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Charming Chrysanthemums

October 15, 2020

By Iona Whatford, Garden Interpreter, Royal Botanical Gardens.

Chrysanthemums, also known as mums, are a fall favourite for many; they add beautiful fall tones to any garden or container. They come in many different colours and shades, ranging from deep reds and auburns, bronzes and deep oranges, bright oranges and yellows, soft purples and pinks, and even crisp whites.

Mums are in the Aster family so they are related to sunflowers, dahlias, marigolds, zinnias, daisies, and even cosmos. They often resemble their distant cousins. Mums were first cultivated in China in the 15th century. Based on historic illustrations, mums were originally yellow and closely resembled daisies with fewer petals and a large yellow centre. Today, there are over 20,000 cultivated varieties of mums worldwide.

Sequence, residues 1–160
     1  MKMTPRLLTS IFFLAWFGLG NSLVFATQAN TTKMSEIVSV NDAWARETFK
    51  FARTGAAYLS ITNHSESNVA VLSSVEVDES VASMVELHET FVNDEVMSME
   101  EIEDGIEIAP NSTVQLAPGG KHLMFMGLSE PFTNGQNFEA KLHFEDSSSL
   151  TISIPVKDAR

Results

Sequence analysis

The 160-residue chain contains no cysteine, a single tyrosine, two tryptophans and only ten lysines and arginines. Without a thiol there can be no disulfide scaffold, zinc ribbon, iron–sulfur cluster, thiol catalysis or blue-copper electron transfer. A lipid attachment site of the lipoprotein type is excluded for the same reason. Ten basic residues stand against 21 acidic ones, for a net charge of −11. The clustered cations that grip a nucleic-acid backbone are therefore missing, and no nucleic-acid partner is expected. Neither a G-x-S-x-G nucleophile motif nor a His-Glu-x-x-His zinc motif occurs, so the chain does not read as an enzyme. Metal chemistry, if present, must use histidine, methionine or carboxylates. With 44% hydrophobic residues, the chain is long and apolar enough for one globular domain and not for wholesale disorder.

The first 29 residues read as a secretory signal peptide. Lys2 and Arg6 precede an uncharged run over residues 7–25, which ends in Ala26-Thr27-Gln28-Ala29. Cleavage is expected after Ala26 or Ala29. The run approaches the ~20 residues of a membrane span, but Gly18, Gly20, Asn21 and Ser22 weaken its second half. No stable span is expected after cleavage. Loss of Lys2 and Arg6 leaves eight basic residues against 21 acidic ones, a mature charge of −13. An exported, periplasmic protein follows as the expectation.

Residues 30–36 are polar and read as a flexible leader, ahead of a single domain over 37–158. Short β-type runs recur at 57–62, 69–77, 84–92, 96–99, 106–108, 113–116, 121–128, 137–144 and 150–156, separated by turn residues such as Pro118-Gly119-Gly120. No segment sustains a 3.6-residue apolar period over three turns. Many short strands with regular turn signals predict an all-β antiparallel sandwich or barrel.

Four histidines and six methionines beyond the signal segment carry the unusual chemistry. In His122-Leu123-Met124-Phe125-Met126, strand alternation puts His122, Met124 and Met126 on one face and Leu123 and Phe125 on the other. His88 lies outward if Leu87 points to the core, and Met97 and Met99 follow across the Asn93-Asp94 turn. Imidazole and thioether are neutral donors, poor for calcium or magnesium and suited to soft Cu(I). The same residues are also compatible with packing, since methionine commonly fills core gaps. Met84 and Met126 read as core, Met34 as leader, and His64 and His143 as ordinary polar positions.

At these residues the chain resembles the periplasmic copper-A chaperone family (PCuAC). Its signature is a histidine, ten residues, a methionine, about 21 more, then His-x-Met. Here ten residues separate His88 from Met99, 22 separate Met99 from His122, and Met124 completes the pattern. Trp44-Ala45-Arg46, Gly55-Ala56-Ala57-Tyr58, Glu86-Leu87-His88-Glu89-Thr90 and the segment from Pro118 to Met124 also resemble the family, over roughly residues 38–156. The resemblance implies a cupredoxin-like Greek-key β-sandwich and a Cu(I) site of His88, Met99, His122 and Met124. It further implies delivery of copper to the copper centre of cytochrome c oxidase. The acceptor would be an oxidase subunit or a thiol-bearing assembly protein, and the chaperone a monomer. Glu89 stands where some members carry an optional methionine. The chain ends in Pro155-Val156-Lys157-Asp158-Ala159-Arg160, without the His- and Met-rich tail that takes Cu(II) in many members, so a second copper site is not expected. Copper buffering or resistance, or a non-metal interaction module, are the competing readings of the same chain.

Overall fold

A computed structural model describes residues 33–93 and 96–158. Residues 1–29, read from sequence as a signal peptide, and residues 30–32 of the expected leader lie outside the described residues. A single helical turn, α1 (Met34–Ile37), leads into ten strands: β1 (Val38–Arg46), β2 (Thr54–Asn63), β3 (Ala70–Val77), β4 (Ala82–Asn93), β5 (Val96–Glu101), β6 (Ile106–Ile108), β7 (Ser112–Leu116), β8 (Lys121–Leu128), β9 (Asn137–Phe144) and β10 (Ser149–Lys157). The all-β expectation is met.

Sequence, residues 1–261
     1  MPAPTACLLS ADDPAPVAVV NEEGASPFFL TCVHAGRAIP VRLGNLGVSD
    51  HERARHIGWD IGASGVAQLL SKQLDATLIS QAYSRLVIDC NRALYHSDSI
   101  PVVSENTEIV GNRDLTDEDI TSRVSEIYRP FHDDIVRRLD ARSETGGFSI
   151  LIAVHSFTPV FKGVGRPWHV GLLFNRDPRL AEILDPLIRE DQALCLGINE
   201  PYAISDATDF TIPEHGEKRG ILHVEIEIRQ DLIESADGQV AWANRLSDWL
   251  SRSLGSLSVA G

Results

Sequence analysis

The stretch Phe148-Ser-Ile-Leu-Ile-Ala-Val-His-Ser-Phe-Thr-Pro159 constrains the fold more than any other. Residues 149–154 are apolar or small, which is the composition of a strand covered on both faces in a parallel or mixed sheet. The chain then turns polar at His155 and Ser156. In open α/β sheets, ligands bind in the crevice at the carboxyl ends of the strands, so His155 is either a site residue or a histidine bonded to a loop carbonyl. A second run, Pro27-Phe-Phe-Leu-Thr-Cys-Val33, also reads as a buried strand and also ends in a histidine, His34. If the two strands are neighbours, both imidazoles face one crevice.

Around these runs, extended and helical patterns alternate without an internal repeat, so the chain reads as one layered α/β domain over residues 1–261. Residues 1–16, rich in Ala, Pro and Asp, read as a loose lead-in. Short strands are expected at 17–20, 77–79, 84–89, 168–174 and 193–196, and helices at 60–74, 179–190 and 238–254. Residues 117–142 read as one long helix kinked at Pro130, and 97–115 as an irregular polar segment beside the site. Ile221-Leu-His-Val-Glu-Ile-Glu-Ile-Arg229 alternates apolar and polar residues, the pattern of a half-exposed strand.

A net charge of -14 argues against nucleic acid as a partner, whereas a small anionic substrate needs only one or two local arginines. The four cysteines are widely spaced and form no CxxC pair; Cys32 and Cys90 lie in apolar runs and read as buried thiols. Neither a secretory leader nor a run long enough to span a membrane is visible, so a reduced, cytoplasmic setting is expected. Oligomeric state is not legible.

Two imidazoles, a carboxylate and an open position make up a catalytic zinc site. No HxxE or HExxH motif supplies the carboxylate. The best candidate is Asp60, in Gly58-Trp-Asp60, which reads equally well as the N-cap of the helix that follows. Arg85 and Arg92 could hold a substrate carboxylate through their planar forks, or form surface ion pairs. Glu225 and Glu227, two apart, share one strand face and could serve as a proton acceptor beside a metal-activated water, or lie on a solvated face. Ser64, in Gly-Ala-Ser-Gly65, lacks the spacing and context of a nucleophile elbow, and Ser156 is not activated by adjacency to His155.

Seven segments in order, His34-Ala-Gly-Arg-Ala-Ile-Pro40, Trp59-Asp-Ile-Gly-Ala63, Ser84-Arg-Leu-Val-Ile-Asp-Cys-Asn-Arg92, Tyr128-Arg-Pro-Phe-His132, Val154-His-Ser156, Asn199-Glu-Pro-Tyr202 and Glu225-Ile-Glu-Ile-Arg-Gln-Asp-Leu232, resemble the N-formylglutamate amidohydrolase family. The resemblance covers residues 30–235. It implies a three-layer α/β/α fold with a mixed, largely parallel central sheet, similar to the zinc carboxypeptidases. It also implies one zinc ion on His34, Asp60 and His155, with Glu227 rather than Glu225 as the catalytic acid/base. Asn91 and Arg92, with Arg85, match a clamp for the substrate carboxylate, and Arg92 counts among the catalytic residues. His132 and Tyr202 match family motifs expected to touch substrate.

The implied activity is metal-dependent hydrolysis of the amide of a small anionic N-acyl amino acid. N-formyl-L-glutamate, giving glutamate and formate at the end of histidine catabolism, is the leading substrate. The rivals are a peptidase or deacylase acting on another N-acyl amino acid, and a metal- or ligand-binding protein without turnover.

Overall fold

burnt yellow mums in bloom
Purple mums with yellow centres

Mums are classified into 13 types based on flower form and bloom shape and, more often than not, each classification looks completely different from the others! Some mums have long slender petals and large heads, while others look more like daisies with shorter, rounder petals and a visible yellow centre.

sunset coloured mums in bloom
white mums in bloom

Mums can be either annual or perennial plants in this area, but annuals tend to be more common than the perennial varieties. To keep your mum flowering for as long as possible, make sure to remove any spent flowers, which will encourage new growth.

While mums are not particularly beneficial to pollinators, they can be homes for many other important fall insects and critters, such as spiders or small mammals. With their distinct odour, mums can also help to keep insect pests away, so mums make a great addition to any balcony, deck, or patio space.

fall planter with purple mums and a cabbage

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